The final blow in the NASL's 1983 Soccer Bowl last Saturday night in Vancouver came 16:37 into the second half. From the left, Barry Wallace of the Tulsa Roughnecks swung in a corner kick toward the near post. Terry Moore nodded the ball on to where pale, almost fragile-looking Ron Futcher, hanging about for such a chance, hooked it with his left knee into the net from close range. It was the second time in six minutes that the Toronto Blizzard's vaunted defense had been caught flat-footed, and it made the score 2-0 for the Roughnecks. Now all they had to do for victory was keep their composure—and stay on their feet.
This was Tulsa's fourth game in 10 days, and it had been just 48 hours since the Roughnecks had gotten their first glimpse of Vancouver's new domed B.C. Place Stadium and the intimidating breadth of its soccer field—at 76 yards, the broadest in the league. The second-narrowest, at 64 yards, is at Skelly Stadium in Tulsa, where, on Wednesday night, the Roughnecks' three-game semifinal with Montreal had ended in a handy 3-0 Tulsa victory. But that win had taken a physical toll. "Listen," said Laurie Abrahams, a Tulsa striker, "I'm too tired right now to give a damn about the Soccer Bowl. I should have been starting my vacation today." The other Redeyes—er, Roughnecks—felt the same way.
On the other hand, the Blizzard had cleaned up the Golden Bay Earthquakes in two straight games and had earned more than a week off. And if that wasn't enough to send the odds Toronto's way, Futcher, Tulsa's top scorer with 15 regular-season and five playoff goals, seemed certain to be ineligible for the Soccer Bowl. Off the field Futcher is an amiable, laid-back Briton, but in the finale of the Roughneck-Manic series he'd crashed hard into Ed Gettemeier, Montreal's goalie. This had cost Futcher his third yellow-card caution in five games and hence, according to NASL rules, automatic suspension from his team's next outing—which happened to be Soccer Bowl.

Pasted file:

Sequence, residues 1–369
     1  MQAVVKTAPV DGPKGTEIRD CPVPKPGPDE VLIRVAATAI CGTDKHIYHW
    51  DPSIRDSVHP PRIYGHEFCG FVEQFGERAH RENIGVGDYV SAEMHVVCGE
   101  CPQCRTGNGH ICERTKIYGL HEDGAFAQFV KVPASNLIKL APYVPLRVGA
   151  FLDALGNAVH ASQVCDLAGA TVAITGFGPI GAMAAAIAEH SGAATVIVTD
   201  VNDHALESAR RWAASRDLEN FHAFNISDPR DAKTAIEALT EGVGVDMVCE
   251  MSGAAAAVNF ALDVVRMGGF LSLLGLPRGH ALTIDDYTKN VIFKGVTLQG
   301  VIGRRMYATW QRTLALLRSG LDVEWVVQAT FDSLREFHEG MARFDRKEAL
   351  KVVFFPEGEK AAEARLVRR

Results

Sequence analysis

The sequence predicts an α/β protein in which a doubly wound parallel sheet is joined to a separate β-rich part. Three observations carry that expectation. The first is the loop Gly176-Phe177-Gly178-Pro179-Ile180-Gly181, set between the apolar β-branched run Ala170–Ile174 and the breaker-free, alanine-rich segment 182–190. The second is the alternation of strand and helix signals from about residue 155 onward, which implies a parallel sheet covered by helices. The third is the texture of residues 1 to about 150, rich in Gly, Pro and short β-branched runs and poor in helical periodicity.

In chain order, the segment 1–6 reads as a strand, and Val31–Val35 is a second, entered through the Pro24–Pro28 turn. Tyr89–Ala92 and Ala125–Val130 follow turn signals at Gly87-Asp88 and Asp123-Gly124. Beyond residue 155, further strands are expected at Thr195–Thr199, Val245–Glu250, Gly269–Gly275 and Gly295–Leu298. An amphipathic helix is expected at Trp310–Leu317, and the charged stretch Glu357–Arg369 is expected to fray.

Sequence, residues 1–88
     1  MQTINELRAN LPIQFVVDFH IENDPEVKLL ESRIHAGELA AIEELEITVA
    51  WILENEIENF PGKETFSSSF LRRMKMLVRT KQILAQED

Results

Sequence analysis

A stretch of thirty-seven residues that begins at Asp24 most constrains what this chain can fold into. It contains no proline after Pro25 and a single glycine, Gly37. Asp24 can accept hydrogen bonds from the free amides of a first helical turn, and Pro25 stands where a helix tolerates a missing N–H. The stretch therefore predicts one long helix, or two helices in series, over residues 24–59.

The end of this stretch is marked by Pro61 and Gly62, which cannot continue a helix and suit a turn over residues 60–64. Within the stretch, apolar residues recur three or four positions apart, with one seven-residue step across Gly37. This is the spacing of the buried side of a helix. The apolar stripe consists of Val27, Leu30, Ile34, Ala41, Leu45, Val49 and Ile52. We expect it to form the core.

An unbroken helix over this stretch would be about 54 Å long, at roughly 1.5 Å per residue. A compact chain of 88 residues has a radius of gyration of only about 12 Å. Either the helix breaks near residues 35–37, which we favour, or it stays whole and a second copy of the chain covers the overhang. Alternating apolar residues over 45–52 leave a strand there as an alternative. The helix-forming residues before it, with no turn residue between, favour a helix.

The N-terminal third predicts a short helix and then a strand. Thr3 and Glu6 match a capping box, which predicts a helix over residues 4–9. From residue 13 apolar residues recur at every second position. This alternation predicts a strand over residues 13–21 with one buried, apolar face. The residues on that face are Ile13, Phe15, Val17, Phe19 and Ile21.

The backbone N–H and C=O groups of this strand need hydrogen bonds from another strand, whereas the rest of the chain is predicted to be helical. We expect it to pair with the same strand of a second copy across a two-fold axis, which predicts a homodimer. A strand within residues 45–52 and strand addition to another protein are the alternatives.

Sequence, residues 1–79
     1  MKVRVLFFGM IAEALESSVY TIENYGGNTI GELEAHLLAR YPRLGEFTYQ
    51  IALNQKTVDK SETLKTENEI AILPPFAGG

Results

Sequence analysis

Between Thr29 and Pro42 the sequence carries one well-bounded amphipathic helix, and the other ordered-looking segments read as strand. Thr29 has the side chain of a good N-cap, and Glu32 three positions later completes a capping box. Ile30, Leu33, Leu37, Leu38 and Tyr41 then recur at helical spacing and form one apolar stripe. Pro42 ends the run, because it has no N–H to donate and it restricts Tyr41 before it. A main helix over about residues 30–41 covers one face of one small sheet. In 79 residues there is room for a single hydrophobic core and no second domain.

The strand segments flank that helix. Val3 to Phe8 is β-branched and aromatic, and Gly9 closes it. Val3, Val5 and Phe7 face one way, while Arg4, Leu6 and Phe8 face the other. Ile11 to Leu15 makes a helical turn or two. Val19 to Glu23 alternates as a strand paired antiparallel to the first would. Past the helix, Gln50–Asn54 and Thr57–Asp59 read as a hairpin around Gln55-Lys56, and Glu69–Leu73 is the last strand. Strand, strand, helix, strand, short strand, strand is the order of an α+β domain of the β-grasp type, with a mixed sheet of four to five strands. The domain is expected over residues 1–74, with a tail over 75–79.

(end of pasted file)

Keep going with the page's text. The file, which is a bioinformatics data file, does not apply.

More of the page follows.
Futcher had already been suspended for similar reasons from four regular-season games. As he said before leaving for Vancouver, "I'm not getting a reputation. I've always had one. If it was as easy to get green cards [resident aliens' temporary work permits] as it is to get yellows, I'd be a U.S. citizen by now...."
The Roughnecks appealed Futcher's suspension to the NASL, but on Friday afternoon Ted Howard, the league's executive director, rejected that appeal after examining game films. Howard explained that during the playoffs, the league had routinely alerted clubs as to which players were in jeopardy under the cumulative yellow-card rule.
In the NASL, though, strange things happen. Before Friday was out, Futcher was in again. With seeming insouciance, league President Howard Samuels had overruled Howard. "I went out and played a little tennis," Samuels said late Friday, "and I started thinking, 'Hell, I don't want any clouds over this game.' So, in the interests of 60,000 spectators, of Tulsa and Toronto, of soccer in North America, I overruled Ted."
Ted Howard didn't appear festive that evening at the President's Reception. "I wasn't exactly overruled," he said. "I made a technical decision. The offense will be dealt with in due course, at a later date. Samuels' decision was right esthetically."
Anesthetically, it seemed, would have been the better word. "This is the last Soccer Bowl," Samuels had added (beginning next year the NASL will stage a best-of-three final), "and I want no clouds." But all he had succeeded in doing was further beclouding the league's already less-than-shining image. Soccer aficionados could not help recalling how, during last year's World Cup, Poland's best player, Zbigniew Boniek, was yellow-carded out of the semifinal with Italy. That did nothing for Poland, which lost, but much for the sport. The NASL would have gained greater credibility had it allowed a few gray clouds under the dome in Vancouver.